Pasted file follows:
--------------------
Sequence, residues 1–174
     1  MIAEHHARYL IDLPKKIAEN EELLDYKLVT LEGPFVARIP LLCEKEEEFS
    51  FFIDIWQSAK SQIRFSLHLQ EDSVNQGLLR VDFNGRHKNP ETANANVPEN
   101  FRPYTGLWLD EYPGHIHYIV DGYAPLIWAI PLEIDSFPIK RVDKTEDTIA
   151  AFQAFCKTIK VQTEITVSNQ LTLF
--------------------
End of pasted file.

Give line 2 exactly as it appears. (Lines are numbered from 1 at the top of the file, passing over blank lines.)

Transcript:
     1  MIAEHHARYL IDLPKKIAEN EELLDYKLVT LEGPFVARIP LLCEKEEEFS